The GRP is the main source of income for WARF, splitting the money between all the different projects. According to the GRP staff, the benefit from the shop they own in Phuket goes directly to the Gibbon project . The money from volunteers, ISV (International Student Volunteers), or donations goes to all other projects. During high season when there is a lot of tourists coming to Phuket the income from the shop and donations altogether average 20,000 Baht a day, which is an average of 600,000 Baht a month. During low season the income can go down to 8,000 Baht a day which is an average of 250,000 Baht a month. Volunteers come and go all year round, and pay different prices to come to the project depending on many factors. It can go from no income at all to about 150,000 Baht a month when ISV (International Student Volunteers) are around. The income from volunteers used to be much higher before when they had the space for about 30 volunteers at a time. WARF used to make enough money to pay the few staff they had at the time when they took over from AWG. They didn't need sponsors back then and most of the money wasn't being spent on upgrading the GRP to make it bigger. It is unclear where all this money was going. WARF now spends money every month on the different projects; on the rent of the houses, rent of land, staff salaries, vet expenses, maintenance of cages, and other expenses. These expenses are around 600 000 Baht a month which is the amount earned during high season a few month a year. The rest of the year the gibbon project doesn't earn enough money to be able to support WARF expenses. This is the reason why WARF looked for sponsors to pay staff salaries and this is where the US Fishery and Wildlife Department Services comes into play. This company is paying for most of WARF expenses; the benefit from donation, shop and volunteers now goes somewhere else which is not toward the animals. I am not in a position to be able to give more details about money and sponsors but if anyone in power like the Thai police or the government wanted to dig a little into the GRP or WARF bank statement they would find the proof necessary to back up these accusations.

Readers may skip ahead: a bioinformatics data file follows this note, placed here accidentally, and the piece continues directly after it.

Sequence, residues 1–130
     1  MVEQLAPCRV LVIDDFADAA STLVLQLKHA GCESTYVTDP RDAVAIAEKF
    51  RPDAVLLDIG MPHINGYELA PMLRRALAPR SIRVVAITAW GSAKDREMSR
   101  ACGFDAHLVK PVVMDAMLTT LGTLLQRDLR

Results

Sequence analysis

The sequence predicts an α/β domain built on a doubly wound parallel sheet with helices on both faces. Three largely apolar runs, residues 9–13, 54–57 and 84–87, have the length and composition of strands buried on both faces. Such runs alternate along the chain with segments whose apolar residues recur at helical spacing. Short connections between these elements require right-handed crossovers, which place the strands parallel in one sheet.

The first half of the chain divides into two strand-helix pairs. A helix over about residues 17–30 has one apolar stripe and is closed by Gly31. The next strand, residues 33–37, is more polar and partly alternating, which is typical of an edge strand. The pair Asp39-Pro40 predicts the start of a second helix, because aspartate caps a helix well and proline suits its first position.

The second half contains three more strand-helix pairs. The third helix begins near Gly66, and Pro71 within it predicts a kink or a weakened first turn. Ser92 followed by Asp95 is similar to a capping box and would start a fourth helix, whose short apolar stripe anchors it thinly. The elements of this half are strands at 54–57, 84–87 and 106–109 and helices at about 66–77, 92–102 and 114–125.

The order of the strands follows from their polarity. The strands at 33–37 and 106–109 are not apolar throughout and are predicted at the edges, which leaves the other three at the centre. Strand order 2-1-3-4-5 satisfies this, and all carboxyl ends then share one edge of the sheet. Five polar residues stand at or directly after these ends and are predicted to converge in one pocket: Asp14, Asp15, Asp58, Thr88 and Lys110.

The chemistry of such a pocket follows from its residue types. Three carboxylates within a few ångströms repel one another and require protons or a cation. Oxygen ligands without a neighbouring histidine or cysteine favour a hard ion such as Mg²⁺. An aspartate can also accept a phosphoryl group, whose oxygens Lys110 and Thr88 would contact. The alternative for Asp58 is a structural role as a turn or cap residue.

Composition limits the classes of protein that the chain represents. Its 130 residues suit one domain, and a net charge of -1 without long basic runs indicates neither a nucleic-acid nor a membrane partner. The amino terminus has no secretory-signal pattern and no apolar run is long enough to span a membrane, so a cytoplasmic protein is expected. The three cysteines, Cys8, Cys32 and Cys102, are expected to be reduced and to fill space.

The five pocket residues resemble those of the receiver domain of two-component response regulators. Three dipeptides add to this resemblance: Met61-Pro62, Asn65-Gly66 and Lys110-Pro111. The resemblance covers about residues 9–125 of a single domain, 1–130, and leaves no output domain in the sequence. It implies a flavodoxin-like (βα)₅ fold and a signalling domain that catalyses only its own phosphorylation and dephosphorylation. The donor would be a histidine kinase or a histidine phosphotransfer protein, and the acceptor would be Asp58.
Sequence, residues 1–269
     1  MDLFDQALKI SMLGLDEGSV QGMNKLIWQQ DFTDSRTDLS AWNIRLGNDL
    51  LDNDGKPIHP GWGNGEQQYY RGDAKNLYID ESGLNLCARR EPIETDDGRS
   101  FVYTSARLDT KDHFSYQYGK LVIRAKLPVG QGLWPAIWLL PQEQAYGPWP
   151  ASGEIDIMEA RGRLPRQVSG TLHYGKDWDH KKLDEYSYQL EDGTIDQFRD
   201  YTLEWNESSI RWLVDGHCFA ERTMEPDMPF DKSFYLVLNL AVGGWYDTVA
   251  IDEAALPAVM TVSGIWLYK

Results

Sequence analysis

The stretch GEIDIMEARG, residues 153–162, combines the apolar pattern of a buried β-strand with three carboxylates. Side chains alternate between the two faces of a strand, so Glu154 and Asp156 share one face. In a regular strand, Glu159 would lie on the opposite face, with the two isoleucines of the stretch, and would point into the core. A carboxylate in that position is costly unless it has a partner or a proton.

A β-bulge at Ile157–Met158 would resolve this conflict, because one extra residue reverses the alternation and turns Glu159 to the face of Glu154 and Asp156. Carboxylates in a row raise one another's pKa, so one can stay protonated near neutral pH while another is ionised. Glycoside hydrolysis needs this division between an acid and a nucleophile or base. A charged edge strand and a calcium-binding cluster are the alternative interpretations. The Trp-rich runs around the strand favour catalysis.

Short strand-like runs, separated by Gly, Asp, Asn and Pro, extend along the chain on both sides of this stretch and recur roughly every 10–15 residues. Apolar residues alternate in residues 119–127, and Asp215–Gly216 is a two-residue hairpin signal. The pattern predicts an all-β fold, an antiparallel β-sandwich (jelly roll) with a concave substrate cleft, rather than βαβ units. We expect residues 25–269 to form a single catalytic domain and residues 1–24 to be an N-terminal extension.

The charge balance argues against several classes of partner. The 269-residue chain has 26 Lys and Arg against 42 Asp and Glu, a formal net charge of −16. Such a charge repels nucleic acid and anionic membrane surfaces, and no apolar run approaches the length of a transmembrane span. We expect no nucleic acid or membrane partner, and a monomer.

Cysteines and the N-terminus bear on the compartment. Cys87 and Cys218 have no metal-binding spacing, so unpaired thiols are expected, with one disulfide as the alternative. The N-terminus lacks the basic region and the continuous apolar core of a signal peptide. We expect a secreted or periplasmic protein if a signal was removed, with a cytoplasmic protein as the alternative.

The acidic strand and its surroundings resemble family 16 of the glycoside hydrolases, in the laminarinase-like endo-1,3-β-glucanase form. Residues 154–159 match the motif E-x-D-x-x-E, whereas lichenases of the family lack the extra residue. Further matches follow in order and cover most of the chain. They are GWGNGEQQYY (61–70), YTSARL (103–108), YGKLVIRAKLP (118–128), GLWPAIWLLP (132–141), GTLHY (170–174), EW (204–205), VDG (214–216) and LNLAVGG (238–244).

WARED (Wild Animal Rescue Education Desk) in Ranong